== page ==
Community-level wealth status was generated by dividing the percentage of men with a wealth score of less than 33.3% (poor wealth index) to the total wealth index in every 645 clusters. As the Shapiro–Wilk normality test (Table 1) and the histogram (Fig. 2) showed, the community-level wealth status was not normally distributed (p = 0.00000) and the median value was used as a cut-off point to categorize community wealth status.

Table 1 Shapiro-Wilk test to check the normality of the distribution of community-level wealth status in Ethiopia, EDHS 2016
Fig. 2
figure2

The histogram used to check the normality of the distribution of community-level wealth status in Ethiopia, EDHS 2016

Similarly, community-level educational status was computed by using the percentage of men with the two lowest levels of educational attainment (no education and primary education) in each 645 non-overlapping smaller geographical units tagged as clusters. The distribution of community-level educational status was checked by using the Shapiro–Wilk normality test (Table 2) and the histogram (Fig. 3). Since the data was not normally distributed (P = 0.00000), the median value was used to categorize community-level educational status.

Table 2 Shapiro-Wilk test to check the normality of the distribution of community-level educational status in Ethiopia, EDHS 2016
Fig. 3
figure3

The histogram used to check the normality of the distribution of community-level educational status in Ethiopia, EDHS 2016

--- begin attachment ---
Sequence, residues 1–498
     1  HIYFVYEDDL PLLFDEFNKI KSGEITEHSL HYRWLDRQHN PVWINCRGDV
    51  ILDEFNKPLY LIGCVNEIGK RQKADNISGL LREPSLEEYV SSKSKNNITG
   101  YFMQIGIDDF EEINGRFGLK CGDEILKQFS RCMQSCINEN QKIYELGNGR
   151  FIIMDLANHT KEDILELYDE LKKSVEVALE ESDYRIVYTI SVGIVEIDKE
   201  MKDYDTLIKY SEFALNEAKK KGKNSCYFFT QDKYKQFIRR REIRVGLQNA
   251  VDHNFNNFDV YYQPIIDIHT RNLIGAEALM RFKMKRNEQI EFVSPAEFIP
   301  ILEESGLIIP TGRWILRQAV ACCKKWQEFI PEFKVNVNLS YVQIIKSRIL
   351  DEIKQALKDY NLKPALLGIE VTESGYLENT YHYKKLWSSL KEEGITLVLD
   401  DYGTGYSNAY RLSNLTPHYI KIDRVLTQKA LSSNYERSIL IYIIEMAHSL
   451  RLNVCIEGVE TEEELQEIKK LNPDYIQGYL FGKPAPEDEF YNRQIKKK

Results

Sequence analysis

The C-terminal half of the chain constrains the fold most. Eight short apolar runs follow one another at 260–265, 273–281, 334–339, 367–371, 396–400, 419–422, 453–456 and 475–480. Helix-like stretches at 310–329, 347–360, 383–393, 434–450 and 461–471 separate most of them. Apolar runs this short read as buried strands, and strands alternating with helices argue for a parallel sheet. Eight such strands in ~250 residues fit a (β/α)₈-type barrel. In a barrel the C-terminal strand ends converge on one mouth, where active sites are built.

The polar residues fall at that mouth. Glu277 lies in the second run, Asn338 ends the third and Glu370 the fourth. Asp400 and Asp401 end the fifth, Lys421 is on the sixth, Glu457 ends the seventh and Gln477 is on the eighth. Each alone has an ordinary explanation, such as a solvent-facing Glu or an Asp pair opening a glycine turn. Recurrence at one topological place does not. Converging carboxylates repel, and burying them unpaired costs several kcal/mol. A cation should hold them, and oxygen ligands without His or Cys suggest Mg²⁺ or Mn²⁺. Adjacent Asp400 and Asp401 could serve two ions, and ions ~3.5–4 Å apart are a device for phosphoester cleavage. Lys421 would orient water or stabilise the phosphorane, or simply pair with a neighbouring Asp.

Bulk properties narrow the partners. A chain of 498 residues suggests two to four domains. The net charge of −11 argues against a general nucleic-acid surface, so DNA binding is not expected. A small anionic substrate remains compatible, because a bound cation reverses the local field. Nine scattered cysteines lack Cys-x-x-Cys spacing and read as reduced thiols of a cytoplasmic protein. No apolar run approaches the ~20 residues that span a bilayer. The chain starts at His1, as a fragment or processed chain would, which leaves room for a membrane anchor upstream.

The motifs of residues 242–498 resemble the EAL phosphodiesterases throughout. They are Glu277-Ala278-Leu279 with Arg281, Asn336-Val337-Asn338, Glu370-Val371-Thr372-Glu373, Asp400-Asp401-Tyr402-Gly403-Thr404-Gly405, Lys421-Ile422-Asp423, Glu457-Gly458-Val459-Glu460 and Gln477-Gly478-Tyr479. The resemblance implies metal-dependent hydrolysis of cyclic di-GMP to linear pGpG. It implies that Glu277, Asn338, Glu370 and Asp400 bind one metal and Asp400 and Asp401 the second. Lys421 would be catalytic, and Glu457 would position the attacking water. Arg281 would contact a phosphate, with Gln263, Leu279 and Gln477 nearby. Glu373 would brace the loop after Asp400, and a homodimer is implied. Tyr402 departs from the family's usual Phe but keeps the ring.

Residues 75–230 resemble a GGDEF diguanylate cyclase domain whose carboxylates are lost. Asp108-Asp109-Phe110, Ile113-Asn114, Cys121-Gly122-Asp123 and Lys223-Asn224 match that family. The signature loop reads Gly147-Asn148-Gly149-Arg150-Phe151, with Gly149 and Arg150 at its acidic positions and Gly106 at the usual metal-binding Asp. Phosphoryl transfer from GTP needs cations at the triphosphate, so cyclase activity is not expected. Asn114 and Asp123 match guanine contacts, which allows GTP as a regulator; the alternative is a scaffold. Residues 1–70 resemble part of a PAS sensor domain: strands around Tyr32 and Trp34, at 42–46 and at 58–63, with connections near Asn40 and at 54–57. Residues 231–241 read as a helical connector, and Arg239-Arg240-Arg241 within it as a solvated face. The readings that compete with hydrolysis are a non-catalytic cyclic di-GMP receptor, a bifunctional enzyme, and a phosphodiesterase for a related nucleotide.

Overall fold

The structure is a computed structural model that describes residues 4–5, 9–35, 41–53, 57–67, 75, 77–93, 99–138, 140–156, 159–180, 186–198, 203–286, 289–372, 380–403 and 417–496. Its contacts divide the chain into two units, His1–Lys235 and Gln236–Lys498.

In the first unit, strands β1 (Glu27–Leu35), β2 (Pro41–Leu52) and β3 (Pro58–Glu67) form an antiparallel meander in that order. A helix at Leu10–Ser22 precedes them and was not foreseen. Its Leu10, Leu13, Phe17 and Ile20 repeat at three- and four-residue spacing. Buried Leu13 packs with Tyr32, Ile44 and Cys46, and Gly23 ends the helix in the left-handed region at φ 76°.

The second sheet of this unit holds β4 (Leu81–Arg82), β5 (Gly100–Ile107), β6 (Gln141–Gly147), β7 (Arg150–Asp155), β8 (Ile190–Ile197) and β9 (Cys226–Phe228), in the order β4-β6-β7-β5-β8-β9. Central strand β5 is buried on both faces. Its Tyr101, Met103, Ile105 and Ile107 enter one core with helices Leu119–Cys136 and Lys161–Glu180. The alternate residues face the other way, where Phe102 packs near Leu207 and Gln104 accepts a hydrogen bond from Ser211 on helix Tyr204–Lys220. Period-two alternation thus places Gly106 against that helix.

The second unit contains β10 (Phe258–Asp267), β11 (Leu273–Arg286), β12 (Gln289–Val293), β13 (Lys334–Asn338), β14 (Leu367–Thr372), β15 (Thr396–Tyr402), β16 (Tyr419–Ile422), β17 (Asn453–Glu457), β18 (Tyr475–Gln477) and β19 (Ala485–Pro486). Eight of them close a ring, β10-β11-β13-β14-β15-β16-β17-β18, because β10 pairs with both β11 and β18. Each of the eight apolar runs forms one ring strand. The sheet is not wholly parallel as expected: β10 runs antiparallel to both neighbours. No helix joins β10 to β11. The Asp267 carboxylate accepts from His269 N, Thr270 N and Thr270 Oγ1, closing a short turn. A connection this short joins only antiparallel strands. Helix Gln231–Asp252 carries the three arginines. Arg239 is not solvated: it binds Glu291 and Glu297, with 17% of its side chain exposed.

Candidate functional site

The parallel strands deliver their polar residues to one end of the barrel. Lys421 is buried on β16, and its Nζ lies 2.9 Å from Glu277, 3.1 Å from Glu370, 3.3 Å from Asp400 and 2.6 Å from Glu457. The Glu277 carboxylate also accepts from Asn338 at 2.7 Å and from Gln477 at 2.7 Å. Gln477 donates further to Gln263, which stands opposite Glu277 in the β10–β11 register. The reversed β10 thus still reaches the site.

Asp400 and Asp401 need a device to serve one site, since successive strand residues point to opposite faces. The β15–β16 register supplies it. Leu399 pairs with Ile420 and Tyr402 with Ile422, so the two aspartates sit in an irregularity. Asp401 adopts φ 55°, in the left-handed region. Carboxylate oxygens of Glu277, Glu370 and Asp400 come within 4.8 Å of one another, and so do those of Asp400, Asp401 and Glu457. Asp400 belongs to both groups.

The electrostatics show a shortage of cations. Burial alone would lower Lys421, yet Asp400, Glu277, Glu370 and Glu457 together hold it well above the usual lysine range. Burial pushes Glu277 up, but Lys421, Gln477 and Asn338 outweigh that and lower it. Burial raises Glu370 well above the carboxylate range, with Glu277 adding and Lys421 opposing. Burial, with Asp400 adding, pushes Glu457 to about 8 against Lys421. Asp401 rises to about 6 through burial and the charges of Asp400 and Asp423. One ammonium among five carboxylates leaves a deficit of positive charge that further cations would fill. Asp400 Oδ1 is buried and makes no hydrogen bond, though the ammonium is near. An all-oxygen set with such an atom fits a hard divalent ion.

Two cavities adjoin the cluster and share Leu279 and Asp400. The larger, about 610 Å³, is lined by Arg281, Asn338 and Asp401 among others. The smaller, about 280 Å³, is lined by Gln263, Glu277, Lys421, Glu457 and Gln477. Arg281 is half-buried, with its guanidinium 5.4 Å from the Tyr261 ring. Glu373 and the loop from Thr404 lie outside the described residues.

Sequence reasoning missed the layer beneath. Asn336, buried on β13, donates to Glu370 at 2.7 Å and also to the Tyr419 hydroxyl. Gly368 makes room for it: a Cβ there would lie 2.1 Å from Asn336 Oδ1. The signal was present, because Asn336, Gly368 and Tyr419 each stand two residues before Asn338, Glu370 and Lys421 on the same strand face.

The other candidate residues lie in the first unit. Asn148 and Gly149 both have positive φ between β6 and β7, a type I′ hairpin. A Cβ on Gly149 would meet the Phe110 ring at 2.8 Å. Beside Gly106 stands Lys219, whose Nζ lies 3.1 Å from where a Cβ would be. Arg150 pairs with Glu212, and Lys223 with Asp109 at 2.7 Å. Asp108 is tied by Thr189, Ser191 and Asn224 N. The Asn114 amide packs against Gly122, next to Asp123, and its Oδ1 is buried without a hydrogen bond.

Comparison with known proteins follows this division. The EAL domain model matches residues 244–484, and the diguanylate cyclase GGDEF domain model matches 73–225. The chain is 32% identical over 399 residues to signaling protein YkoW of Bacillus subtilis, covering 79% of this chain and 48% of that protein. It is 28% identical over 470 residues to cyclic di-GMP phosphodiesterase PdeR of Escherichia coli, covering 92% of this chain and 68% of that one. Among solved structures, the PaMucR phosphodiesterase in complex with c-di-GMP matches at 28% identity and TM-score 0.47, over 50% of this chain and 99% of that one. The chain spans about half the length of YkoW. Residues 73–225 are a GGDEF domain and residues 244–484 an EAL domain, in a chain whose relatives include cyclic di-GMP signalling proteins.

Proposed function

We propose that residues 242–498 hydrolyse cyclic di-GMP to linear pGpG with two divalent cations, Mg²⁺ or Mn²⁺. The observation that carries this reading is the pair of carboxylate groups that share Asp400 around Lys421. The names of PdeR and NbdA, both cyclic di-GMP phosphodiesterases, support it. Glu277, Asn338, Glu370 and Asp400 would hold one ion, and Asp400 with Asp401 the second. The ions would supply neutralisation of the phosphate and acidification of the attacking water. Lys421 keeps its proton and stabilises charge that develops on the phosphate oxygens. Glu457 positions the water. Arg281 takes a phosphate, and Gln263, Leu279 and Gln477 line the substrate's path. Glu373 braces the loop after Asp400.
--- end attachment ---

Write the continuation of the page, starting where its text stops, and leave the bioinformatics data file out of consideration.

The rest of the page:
Data processing and analysis

The data were cleaned, re-categorized, and analysed by Stata/SE version 14.0. Descriptive statistics such as frequencies, percentages, and medians were computed and the results were presented in tables and texts. Sample weight was used for the compensation of non-responses and unequal selection of samples between each stratum. The Intra-class Correlation Coefficient (ICC) for this study was 38.1%. Due to this and hierarchical nature of EDHS data, a multi-level mixed-effects logistic regression model was used to determine individual and community level factors associated with polygyny. Multi-level mixed-effect analysis is an analytical strategy allowing the simultaneous examination of individual-level and group-level factors. It recognizes group effects and hierarchical structures leading to correct conclusion. On the other hand, individual-level analysis treat independent observations as the units of analysis. It fails to recognize the group effect leading to underestimation of the standard errors of the regression coefficients and overstatement of statistical significance.